Authors: Chandra Kant Tripathi, Swati Deepak dubey, Krishna Deepak Tripathi
A seed drill is a device thatsows theseeds for crops by metering out the individual seeds, positioning them in the soil, and covering them to a certain average depth. The seed drill sows the seeds at equal distances and proper depth, ensuring that the seeds get covered with soil and are saved from being eaten by birds. Before the introduction of the seed drill, a common practice was to plant seeds by hand. Besides being wasteful, planting was usually imprecise and led to a poor distribution of seeds, leading to low productivity. The use of a seed drill can improve the ratio of crop yield (seeds harvested per seed planted) by as much as nine times. Some machines for metering out seeds for planting are called planters . The concepts evolved from ancient Chinese practice, and later evolved into mechanisms that pick up seeds from a bin and deposit them down a tube.
Functions of Seed-drills and Planters
The functions of a well-designed seed drill or planter are as follows:
- Meter seeds of different sizes and shapes
- Place the seed in the acceptable pattern of distribution in the field
- Place the seed accurately and uniformly at the desired depth in the soil
- Cover the seed and compact the soil around it to enhance germination and emergence
- Drilling is the term used for the mechanised sowing of an agricultural crop. Traditionally, a seed drill used to consist of a hopper filled with seeds arranged above a series of tubes that can be set at selected distances from each other to allow optimum growth of the resulting plants. Seeds are spaced out using fluted paddles which rotate using a geared drive from one of the drill's land wheels—seed rate is altered by changing gear ratios. Most modern drills use air to convey seed in plastic tubes from the seed hopper to the coulters—it is an arrangement which allows seed drills to be much wider than the seed hopper—as much as 12 m wide in some cases. The seed is metered mechanically into an air stream created by a hydraulically powered on-board fan and conveyed initially to a distribution head which sub-divides the seed into the pipes taking the seed to the individual coulters.
- The seed drill allows farmers to sow seeds in well-spaced rows at specific depths at a specific seed rate; each tube creates a hole of a specific depth, drops in one or more seeds, and covers it over. This invention gives farmers much greater control over the depth that the seed is planted and the ability to cover the seeds without back-tracking. The result is an increased rate of germination, and a much-improved crop yield .
- The use of a seed drill also facilitates weed control. Broadcast seeding results in a random array of growing crops, making it difficult to control weeds using any method other than hand weeding. A field planted using a seed drill is much more uniform, typically in rows, allowing weeding with the hoe during the growing season. Weeding by hand is laborious and inefficient. Poor weeding reduces crop yield, so this benefit is extremely significant.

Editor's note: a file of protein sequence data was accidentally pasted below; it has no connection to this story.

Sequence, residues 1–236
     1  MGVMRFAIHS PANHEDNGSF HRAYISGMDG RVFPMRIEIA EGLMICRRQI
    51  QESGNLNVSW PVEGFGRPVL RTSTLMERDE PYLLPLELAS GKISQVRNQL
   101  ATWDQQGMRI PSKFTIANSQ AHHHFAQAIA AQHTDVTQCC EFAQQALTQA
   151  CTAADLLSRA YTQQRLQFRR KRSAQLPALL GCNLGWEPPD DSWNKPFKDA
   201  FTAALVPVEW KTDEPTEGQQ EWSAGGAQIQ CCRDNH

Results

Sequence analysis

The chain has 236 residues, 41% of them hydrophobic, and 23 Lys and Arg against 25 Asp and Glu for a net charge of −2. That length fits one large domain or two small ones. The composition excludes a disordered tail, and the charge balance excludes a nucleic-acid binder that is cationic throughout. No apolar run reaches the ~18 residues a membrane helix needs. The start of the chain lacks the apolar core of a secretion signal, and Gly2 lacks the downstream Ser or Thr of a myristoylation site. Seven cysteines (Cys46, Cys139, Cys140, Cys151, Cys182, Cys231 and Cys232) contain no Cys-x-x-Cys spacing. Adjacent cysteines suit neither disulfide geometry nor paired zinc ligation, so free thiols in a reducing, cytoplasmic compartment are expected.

- The ground would have to be plowed and harrowed. The plow would dig up the earth and the harrow would smooth the soil and break up any clumps. The drill would be set for the size of seed used. Then the grain would be put in the hopper on top and then follow along behind it while the seed drill spaced and planted the seed. This system is still used today but it has been modified and updated so a farmer can plant many rows of seed at the same time.
- A seed drill can be pulled across the field using bullocks or a tractor. Seeds sown using a seed drill are distributed evenly and placed at the correct depth in the soil.
With the efficiency and higher work rate of direct drilling and strip tillage that brings the benefit of lower cost, in terms of both labour and machinery. The high level of accuracy brought by direct drilling and strip tillage means less soil damage and less wasted resources, resulting in lower costs. By using the quicker and more efficient systems of direct drilling and strip tillage also means they don’t suffer the same wear and tear of the more traditional plough-based and min-till crop establishment systems. So, not only do you save on maintenance costs, both long-term and short-term, but also on the costs it takes to run the machinery
The efficiency of our seed drills not only benefits those that use them, but also the environment due to their lower energy inputs and the fact that fewer resources are used (or wasted) in the process. The system is also designed to preserve the soil as best possible. Our leading tines have positive effects on the root and crop growth for the farmers, and also promotes the ideal circumstances for the beneficial habitation of invertebrates and earthworms. In short, it’s great for the soil and it’s great for roots and overall, much better for the environment than more traditional systems.
With the system’s optimal soil disturbance as well as its accurate and consistent distribution of seeds, farmers benefit from enhanced root growth and development, with no problems of overcrowding or nutrients-shortage. The system also reduces the risk of issues like capping, leaching and compacting which are common with more traditional designs. Combining its efficiency, its accuracy and its money-saving ability, direct drilling / strip tilling promotes stronger and happier crop and farmers.
About Author / Additional Info:
I am Currently working as Subject matter specialist in KVK, Sultanpur